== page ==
Although I’ve conceded to the importance of being able to drive, and, yes, that it’s even a little fun, commuting via bike will still be my first choice. I’ve recently found out that riding the expanse of the countryside is, in a lot of ways, much more challenging than riding in a large metropolis — a surprise to discover. I am eager to tackle it, however. Over the course of the next several weeks, I’ll take on handmade countryside bike routes, centered around wine. I’m looking forward to discovering the oddities and pleasantries out in wine country, and to meeting the people that make the industry hum throughout my beloved Niagara County.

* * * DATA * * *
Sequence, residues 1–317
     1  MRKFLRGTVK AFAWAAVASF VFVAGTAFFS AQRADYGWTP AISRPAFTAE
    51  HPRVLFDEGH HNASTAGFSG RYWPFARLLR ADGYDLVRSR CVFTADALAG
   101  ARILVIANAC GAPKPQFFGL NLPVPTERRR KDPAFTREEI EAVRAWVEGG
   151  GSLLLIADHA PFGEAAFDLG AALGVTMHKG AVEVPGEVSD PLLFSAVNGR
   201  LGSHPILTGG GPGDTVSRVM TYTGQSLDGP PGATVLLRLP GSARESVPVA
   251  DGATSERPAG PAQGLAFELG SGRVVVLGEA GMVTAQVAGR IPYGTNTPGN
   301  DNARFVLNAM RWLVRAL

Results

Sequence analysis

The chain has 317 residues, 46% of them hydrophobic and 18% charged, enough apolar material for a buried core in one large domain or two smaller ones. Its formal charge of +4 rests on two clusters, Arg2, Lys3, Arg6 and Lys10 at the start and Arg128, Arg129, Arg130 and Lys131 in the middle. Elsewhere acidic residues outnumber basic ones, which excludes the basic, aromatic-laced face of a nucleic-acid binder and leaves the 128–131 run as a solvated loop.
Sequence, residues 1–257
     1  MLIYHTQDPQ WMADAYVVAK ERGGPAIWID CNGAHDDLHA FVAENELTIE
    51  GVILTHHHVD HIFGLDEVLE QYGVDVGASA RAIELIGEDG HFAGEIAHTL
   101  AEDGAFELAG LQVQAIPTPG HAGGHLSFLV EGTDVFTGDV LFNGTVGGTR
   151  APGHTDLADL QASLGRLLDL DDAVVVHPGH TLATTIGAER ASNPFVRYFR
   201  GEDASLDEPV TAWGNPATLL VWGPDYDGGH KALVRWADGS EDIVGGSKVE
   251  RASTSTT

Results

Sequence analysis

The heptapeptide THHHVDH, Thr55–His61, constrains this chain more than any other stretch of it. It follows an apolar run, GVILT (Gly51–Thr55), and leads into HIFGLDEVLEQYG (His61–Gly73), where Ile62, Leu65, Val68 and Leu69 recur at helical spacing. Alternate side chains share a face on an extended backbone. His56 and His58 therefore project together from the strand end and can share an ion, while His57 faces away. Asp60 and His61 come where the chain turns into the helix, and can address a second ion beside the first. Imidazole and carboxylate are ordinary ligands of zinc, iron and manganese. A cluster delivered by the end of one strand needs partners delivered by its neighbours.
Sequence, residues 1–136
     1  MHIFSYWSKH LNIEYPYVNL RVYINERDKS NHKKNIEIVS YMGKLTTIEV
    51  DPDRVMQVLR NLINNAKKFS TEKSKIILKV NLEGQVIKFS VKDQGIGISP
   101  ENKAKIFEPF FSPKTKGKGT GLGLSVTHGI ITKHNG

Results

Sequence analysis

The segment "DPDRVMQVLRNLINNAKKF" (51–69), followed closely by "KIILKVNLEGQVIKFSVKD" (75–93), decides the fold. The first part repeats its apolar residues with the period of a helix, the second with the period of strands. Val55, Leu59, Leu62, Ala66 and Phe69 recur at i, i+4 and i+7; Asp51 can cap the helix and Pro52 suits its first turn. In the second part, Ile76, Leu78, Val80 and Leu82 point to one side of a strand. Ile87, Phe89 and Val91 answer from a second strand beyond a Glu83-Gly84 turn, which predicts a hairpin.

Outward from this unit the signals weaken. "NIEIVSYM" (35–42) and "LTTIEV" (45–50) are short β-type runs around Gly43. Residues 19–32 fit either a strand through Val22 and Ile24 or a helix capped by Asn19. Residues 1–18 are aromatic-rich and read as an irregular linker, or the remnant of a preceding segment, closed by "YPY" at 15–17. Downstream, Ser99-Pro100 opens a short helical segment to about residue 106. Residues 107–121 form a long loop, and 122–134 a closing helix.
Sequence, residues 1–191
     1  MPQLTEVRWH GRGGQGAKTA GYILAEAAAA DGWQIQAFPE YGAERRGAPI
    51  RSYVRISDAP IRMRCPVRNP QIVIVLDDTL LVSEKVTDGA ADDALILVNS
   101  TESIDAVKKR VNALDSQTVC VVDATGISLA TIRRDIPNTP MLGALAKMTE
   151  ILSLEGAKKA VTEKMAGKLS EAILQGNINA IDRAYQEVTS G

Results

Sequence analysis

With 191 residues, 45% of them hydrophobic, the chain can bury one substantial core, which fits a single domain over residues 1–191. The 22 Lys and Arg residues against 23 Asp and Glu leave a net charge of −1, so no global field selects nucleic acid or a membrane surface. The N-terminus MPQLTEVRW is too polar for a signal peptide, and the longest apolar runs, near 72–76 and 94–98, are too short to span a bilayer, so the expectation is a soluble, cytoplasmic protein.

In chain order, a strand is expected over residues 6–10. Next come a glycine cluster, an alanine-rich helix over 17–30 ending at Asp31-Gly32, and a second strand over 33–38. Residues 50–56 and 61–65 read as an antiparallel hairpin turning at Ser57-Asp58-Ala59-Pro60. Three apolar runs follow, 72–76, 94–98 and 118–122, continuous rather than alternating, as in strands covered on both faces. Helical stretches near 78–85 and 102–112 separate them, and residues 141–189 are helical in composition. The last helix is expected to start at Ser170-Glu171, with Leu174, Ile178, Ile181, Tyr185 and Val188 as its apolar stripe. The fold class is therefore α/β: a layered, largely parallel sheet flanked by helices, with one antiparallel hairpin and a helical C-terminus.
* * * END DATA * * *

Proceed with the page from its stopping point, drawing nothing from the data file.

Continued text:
Midnight Run Cellars:
THE RIDE: The last weekend of April offered relief from a string of unseasonably cool days, with temperatures in the 50s and a sun in the sky. That Sunday was a great day to tackle a 20-mile circuit out in wine country. The winds in the country can be deceptive, however — what feels like a slight breeze as you stand on your porch sipping your morning coffee and testing the air becomes a gale force when you’re puttering down a road on two wheels, flanked by open fields.
The first leg of my journey was going to be a well-fought one, I decided, as I decreased resistance and leaned into the wind within a half-mile of hitting the road. I focused on the important matters at hand, not the burning in my legs. “Wine. Wine. Wine.” It’s a mantra during rides like this.